• The Analysis Services Management Objects (AMO) has been adjusted to include a Tabular namespace for managing Tabular models or to create them programmatically. There have also been some changes in the assemblies: Microsoft.AnalysisServices.Core.dll has been added to treat common classes like Server, Database and Role. These classes are the same, whether you are working with Multidimensional or with Tabular. You can find more information about the API here and about AMO here.
  • When you open a model with View Code in Visual Studio, the model will be rendered in JSON. Depending on your version of Visual Studio, this might be in the built-in JSON editor or in plain text.


The new release of SSAS Tabular now has the ability to let you create translations for your metadata. This is done by editing a JSON file which stores all the objects metadata (model, tables, columns, measures etc.). In the tip Creating Translations for Analysis Services Tabular 2016 I describe how you can use the tool Tabular Translator to easily create translations for your Tabular model.

create translations in editor

Keep in mind there’s no option available to translate the actual data, like in SSAS Multidimensional. You can find more information about translations in the tip Multi-language support for SSAS Tabular Models.


There are several significant enhancements to the DirectQuery engine for the 1200 models:

  • New data sources. Oracle, Teradata and Microsoft Analytics Platform (the former Parallel Data Warehouse) are now supported.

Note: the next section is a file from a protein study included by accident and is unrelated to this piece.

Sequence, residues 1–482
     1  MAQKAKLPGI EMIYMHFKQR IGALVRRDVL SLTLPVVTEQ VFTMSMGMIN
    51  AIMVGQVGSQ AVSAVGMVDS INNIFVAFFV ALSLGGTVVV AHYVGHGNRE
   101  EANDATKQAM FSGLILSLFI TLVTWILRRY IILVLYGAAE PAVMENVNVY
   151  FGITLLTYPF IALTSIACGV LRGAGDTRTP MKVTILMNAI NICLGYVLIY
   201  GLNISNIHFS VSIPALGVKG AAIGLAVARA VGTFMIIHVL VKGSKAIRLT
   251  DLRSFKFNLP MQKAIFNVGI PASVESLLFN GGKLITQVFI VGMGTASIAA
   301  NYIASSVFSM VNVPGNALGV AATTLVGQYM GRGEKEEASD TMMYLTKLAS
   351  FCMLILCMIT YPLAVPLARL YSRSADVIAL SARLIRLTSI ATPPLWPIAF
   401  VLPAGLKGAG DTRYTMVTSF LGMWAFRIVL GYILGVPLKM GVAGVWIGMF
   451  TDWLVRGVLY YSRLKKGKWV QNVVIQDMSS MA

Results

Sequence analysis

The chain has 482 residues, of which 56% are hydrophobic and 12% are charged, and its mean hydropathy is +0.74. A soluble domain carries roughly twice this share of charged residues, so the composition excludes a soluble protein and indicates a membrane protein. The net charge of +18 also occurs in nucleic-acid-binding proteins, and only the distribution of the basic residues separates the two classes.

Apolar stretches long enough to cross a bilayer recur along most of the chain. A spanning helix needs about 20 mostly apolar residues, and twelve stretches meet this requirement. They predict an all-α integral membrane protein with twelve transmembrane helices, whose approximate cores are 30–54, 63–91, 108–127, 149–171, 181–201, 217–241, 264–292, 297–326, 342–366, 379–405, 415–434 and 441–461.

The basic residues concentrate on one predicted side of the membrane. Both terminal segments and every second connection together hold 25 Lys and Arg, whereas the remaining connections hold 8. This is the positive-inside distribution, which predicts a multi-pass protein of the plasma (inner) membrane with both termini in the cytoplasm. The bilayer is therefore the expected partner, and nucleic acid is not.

• Generation of simpler queries which leads to better performance
  • Row Level Security (RLS) is supported
  • Calculated columns are now supported as well
  • Extra control over the sample datasets used for model design and testing
  • MDX support. You can for example use Excel PivotTables to connect to a Tabular model that uses DirectQuery. This is available for all compatibility levels.

DirectQuery also benefits from all the DAX enhancements listed in the first section. Less DAX queries (and better DAX queries) drastically improve DirectQuery performance.

Next Steps
  • If you want to try out all of those new features, you can download SQL Server 2016 Developer edition for free.
  • The official overview of new features can be found here.
  • You can find more Analysis Services tips in this overview.
  • For more SQL Server 2016 tips, you can use this overview.
  • Stay tuned for part 2 of this tip!

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About the author
MSSQLTips author Koen Verbeeck Koen Verbeeck is a seasoned business intelligence consultant at AE. He has over a decade of experience with the Microsoft Data Platform in numerous industries. He holds several certifications and is a prolific writer contributing content about SSIS, ADF, SSAS, SSRS, MDS, Power BI, Snowflake and Azure services. He has spoken at PASS, SQLBits, dataMinds Connect and delivers webinars on MSSQLTips.com. Koen has been awarded the Microsoft MVP data platform award for many years.

This author pledges the content of this article is based on professional experience and not AI generated.